that recognizes the trials and travails of the Irish. The Gaels like so
other displaced ethnicities realized their full potential in America.
Most films never develop an audience, and even fewer develop one that transcends generations. `Far and Away' appeals to adults and young people, so much so, that it has recently been re-released in DVD format. It has also established a niche in television rebroadcasts. These annuals rebroadcasts put the lie to the "wisdom" of the critics, and prove the films natural popularity with movie-lovers.
This film is beautiful. It's wonderful to see Tom Cruise and Nicole Kidman in a good film. The movie has a pretty good historical point of view so the plot is kind of self telling. The scenery in this is great. And, it's fun to see Tom fight, and Nicole wash clothes. Oh, for the fight scenes nothing gory. For parents: this movie shouldn't be shown to really little kids. For teens it's cute. And, adults well take a crack at it. Oh by the way, a little bit of nudity, but nothing bad. Just trust me. It's a very well done and beautiful film. 9/10 stars.
Back in Gone With the Wind Gerald O'Hara tried to tell Katie Scarlett
the importance of the land, a lesson she took the entire film to learn.
For Tom Cruise and Nicole Kidman it's the land, their own bit of land
to work as they please and answer to no one.
The story of Far and Away takes place in a very specific time period in the history of both Ireland and America. In Ireland the home rule movement had been dealt a stunning blow with the fall of Charles Stuart Parnell in scandal. Independence had been set back and the landlords were riding high, though not without opposition.
Opposition in this case comes in the form of Tom Cruise and his family who are Irish tenant farmers about to be tossed off their land because they can't pay the exorbitant rents. Turns out the landlord's got a most fetching daughter in Nicole Kidman who's got her eye on the peasant lad.
Far and Away is first and foremost a romance, the rich girl and the poor boy, two beautiful young people we all wish we were. Of course the real affair of Tom and Nicole and their eventual marriage is fairy tale storybook stuff on its own. It sure didn't hurt the film.
They've got a rough road ahead though. In Boston they get exploited by their own people as badly as the English are doing in the old country. Of course their eventual salvation is the Oklahoma land rush where Tom can get his own land to work.
Frederick Jackson Turner was a famous American historian who put forth the thesis that the reason America escaped the class struggles and revolutions of Europe was our frontier. It didn't work out so well for those Indians already there, but the proletarian masses instead of becoming a mob that agitators could stir to revolution just went west and made opportunities. Turner's thesis is still a widely respected paradigm in the study of American history and I think if he could have seen Far and Away, he'd say Ron Howard proved his point.
Speaking of Ron Howard, it's pretty obvious he was influenced by both versions of the Oklahoma land rush previously made in the two films of Edna Ferber's classic Cimarron. He doesn't do badly in recreating Boston of the Gay Nineties and Ireland of the same period.
And Tom and Nicole certainly look beautiful even when she's working in a factory and Tom's getting clobbered in a bare knuckle prize fight. Look for nice performances by Robert Prosky as Nicole's father, Thomas Gibson as Tom's rival for Nicole and Colm Meaney as the Irish political boss in Boston.
Maybe the world needs a frontier to solve its problems.
*** This review may contain spoilers ***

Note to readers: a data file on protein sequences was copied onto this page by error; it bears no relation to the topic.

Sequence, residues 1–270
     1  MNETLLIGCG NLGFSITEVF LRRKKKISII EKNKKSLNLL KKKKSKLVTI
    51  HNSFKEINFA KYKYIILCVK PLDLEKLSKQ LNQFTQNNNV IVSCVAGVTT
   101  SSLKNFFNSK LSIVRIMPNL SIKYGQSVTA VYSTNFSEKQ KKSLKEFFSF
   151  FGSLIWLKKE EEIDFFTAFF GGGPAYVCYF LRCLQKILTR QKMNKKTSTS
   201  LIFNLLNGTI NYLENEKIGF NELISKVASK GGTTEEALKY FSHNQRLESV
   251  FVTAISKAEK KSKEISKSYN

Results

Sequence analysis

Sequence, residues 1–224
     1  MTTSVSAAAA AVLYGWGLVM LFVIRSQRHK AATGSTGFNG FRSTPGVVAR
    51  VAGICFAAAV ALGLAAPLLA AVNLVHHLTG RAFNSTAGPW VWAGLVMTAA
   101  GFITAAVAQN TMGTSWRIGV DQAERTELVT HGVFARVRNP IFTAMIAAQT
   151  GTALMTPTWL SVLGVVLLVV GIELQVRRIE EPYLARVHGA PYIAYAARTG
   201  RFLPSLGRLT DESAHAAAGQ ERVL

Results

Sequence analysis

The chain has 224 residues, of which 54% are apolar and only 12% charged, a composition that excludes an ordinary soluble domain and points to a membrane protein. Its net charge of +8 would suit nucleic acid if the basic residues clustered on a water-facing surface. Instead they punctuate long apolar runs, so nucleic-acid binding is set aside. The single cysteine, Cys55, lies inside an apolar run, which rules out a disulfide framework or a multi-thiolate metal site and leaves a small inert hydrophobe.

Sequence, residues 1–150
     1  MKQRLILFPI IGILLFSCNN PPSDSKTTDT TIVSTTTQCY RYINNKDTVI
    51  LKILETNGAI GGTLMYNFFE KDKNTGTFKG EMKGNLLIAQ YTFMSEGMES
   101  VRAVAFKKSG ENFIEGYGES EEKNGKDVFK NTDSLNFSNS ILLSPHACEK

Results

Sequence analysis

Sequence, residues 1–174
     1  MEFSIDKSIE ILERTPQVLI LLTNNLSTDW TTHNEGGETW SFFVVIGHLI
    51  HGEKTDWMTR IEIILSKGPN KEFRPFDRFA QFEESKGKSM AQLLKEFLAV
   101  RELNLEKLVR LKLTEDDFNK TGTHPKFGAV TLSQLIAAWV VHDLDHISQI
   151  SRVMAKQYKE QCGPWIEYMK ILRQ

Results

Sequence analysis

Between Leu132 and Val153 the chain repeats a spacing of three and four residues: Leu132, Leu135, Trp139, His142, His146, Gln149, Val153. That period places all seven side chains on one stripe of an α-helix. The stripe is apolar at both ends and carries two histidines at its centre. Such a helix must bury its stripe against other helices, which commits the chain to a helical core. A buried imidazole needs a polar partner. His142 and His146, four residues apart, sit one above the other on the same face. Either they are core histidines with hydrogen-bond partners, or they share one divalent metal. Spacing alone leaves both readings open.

**Possible Spoilers** In 1892 Ireland, the son of a poor farmer forms an unlikely alliance with the daughter of a wealthy landowner, in `Far and Away,' a romantic adventure directed by Ron Howard, and starring Tom Cruise and Nicole Kidman. When his father dies, and an agent of the landlord to whom back rent is owed burns their modest home to the ground, Joseph Donnelly (Cruise) vows revenge. Armed with an ancient, rusty rifle, he travels to the estate of the landowner, Daniel Christie (Robert Prosky), intending to shoot him. But his plans to settle the score quickly go awry; as he draws a bead on Christie and pulls the trigger, the rifle explodes in his face. Christie takes him into his home to treat his wounds, and there Joseph catches the eye of Christie's daughter, Shannon (Kidman). The lad, she notes, has pluck, and he's obviously a scrapper; and she immediately sees him as the means by which she can effect her dream of running away to America, where they are giving land away for free (or so says the ad she has ripped from a newspaper). She realizes that such an undertaking would be impossible for a woman traveling alone, but with a man such as Joseph along to tend to her needs and offer protection, it could be done. Circumstances prevail in her favor, and soon the two of them are off, covertly, with the plan being to land in Boston, then head west to the Oklahoma Territory, where Shannon will be able to claim her land. Of course, Joseph sees land in it for himself, as well. They hit a snag, however, upon landing in Boston; Shannon's silver spoons, stolen from her mother, and with which the trek west was to be financed, are stolen from her, leaving them without means. With some help, they manage to find affordable accommodations (a room at a local bordello), and Shannon finds work in a factory. Meanwhile, Joseph finds he can make some money by prizefighting at one of the local pubs, under sponsorship of a man named Kelly (Colm Meaney), the `connected' Irishman of the town. It's enough to keep them going, temporarily, but the question is, can they make it to Oklahoma in time for the `land rush' of 1893? Cruise gives a credible performance here as Joseph, complete with a passable Irish accent, and he has a natural, charismatic persona that comes across so well on film. Kidman, too, fares well with her portrayal of Shannon; her accent is good, and the camera likes her. And, of course, there's a real chemistry between them. Howard has crafted a visually handsome movie, with a good story told in a predominately straight forward manner. There's not a lot of surprises, and much of it is predictable, beyond mere foreshadowing, but the pace is brisk and the characters are alive, which keeps it all interesting. Also, there's a touch of humor thrown in at appropriate junctures, which helps to offset the dramatics, maintain a positive atmosphere, and keep it all from becoming too sullen. The cinematography is especially notable, particularly early on, when capturing some of the lush vistas of Ireland, and later during the `land rush' sequence. The performances are good all around, and the excellent supporting cast includes Thomas Gibson (Steven), Barbara Babcock (Nora Christie), Cyril Cusack (Danty Duff) and Michelle Johnson (Grace). `Far and Away' is well made and delivered, and, most importantly, it's an entertaining movie; perhaps not one of the most memorable Howard has made, but it's an enjoyable film, and well worth seeing. All in all, it makes for a pleasant night at the movies. I rate this one 7/10.